Renault launches car-buying site

But you won't actually be able to buy cars there
Written by Matthew Broersma, Contributor

A sign of the times: a year ago, French car manufacturer Renault boldly announced a multi-billion-franc e-commerce investment plan. On Friday, announcing one of the biggest results of that investment so far, the company took a decidedly more cautious tone: "We don't want to be big gamblers," said Francois Hinfray, Renault's executive vice president for sales and marketing. "Realistically, we know this market is just starting out."

Renault's answer to the potential of the Internet, unveiled on Friday, is an e-commerce site that pushes the company's brand, but also incorporates customised Web sites for most of the company's 800-plus dealers in France, the UK and Germany, and links directly to Renault's own databases for the latest pricing, availability and other information.

Renault, which has sunk 152m euros into e-commerce over the last four years, and plans another 45.7m euro investment for 2001, feels the link to dealers is what sets it apart. Dealers have long viewed the Internet as a potential competitor to their business, but Renault says it is on the dealers' side. One result of this is that the site will let you explore the range of Renault automobiles and even arrange finance for your purchase, but doesn't include features for actually buying online.

"By no means do we want to bypass our dealer network," said Hinfray at the site's launch in Paris, France. "Dealers do not consider this as competition, but an opportunity to gain new customers or improve their relationships with existing customers."

The site, along with the 800 or so dealer sub-sites, launched in Britain, France and Germany on Friday, with plans to extend the platform to all countries where Renault has a significant presence.

British car buyers have seen in the Net an opportunity to take advantage of the price differences which see continental cars sold for significantly less than in Britain. In this situation cars in Denmark, which has a VAT rate of 40 percent, are set at a lower basic price, because otherwise the vehicles wouldn't sell at all; British residents can pay the lower price, plus a VAT rate less than half of Denmark's, and end up with a better deal.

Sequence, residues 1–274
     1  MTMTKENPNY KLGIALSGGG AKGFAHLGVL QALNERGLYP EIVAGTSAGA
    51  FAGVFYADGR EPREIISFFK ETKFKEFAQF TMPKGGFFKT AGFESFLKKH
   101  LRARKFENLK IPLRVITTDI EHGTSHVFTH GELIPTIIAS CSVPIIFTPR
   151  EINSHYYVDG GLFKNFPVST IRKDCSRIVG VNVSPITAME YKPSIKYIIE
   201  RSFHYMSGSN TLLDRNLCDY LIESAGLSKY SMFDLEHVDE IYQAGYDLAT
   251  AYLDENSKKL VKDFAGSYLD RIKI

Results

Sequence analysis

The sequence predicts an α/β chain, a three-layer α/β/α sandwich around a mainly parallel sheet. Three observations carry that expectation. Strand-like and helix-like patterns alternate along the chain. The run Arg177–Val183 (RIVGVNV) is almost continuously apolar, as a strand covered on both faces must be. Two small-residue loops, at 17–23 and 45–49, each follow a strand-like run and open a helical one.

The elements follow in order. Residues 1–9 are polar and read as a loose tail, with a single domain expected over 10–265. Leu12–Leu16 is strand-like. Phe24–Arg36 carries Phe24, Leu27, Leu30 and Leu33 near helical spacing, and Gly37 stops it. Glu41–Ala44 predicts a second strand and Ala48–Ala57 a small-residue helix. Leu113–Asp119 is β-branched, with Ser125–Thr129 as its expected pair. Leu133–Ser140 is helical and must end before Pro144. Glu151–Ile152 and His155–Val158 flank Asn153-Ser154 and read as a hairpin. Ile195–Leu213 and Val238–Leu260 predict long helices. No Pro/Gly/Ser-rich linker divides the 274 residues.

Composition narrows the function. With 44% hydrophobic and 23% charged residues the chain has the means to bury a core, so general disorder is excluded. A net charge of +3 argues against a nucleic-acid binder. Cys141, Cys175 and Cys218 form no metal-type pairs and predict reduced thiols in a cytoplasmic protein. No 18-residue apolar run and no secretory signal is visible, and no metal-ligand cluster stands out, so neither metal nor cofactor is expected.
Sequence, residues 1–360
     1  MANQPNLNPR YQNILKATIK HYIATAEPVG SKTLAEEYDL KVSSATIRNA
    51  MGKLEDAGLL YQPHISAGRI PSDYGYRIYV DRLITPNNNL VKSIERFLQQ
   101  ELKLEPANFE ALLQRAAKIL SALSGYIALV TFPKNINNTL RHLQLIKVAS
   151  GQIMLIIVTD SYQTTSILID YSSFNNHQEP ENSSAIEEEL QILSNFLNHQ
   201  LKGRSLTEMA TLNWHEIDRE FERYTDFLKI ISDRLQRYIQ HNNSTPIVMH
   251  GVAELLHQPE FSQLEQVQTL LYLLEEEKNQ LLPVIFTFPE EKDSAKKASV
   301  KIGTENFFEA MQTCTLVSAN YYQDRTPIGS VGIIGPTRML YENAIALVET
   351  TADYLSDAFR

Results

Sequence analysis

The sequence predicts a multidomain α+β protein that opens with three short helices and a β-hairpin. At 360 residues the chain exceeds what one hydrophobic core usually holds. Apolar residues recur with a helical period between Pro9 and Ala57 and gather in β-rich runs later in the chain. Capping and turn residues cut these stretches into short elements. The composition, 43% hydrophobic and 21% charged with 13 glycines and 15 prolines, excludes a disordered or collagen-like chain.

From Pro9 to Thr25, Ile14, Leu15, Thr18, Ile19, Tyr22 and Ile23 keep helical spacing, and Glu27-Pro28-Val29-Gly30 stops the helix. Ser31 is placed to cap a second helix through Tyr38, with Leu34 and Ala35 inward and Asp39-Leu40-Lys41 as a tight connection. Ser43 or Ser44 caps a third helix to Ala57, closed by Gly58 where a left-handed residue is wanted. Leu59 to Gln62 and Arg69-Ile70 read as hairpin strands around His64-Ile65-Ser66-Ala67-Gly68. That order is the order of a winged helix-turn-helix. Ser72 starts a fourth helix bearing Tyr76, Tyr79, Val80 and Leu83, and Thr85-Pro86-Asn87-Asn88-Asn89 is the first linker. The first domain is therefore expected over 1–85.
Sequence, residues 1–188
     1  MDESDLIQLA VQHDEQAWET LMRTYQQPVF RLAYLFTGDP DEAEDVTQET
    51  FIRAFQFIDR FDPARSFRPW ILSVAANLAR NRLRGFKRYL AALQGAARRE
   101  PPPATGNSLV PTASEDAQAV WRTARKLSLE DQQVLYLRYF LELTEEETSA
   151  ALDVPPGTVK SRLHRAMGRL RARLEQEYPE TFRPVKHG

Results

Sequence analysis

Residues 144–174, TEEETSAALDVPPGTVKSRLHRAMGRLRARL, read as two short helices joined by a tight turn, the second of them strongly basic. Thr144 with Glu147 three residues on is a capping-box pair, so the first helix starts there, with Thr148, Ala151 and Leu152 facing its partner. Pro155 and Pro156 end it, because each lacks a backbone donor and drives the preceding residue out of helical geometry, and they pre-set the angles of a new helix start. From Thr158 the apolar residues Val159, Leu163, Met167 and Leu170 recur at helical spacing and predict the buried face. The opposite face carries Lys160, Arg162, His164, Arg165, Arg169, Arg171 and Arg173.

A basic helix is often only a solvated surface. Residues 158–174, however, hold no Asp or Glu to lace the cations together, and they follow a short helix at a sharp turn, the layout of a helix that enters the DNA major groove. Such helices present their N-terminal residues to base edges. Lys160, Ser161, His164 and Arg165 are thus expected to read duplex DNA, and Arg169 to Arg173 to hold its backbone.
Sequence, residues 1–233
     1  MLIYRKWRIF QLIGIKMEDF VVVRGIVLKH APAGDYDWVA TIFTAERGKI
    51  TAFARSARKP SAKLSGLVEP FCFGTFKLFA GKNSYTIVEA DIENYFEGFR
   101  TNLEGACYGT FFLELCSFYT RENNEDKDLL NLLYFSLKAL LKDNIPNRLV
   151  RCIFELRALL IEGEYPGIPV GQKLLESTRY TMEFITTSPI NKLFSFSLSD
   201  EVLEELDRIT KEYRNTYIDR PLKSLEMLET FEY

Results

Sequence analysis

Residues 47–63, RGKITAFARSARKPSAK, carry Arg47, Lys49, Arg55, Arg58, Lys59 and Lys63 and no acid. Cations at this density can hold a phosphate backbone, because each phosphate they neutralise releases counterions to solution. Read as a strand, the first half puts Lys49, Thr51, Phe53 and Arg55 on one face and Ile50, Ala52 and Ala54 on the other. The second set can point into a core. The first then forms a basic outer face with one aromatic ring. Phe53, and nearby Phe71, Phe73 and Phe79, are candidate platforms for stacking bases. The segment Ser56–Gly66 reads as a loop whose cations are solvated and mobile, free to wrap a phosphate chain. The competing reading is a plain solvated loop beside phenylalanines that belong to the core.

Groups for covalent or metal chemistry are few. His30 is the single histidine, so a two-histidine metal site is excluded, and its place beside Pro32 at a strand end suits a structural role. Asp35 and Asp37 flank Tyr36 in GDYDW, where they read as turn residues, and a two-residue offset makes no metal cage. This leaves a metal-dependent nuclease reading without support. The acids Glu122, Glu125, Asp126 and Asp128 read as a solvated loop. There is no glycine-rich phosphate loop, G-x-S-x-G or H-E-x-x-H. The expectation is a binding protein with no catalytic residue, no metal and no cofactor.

Could sites like Renault's ultimately force British car prices down as low as those on the Continent? Renault's Hinfray was optimistic. "We are not very concerned about price convergence," he said. "We would like to do away with these discrepancies, and see the tax levels alleviated."

Renault did not rule out adding transactional capabilities to the site eventually, but said this is unlikely because customers don't seem to want it. "According to surveys by us and other manufacturers, the majority of buyer want to have someone in front of them to close an order," Hinfray said. "Buying a car is a highly emotional decision. It costs a lot of money. People need human interaction and advice."

Renault said essentially all of its dealers had signed up to take part in the e-commerce site, which will in most cases replace their own Web sites, if they have one. Besides a customisable sub-section of the Renault umbrella site, Renault offers dealers Internet training and maintenance, without a fee. To take part dealers must agree to certain customer-service requirements, such as responding to email requests within 24 hours.

Renault also has a few other high-tech tricks up its sleeve. The company now owns Japan's Nissan, which Renault says will give it an edge in introducing high-tech gadgets such as video screens and Internet access into its cars -- such gadgets are much more prevalent in Japan.

The company has already rolled out Renault.net, through which the company's thousands of dealers can keep in contact and place orders, bureau.net, an extranet for Renault's own sales and marketing department.

The company has bought a four percent stake in Covisint, an e-business marketplace started by US auto makers, and says it has used it to conduct four auctions to date.

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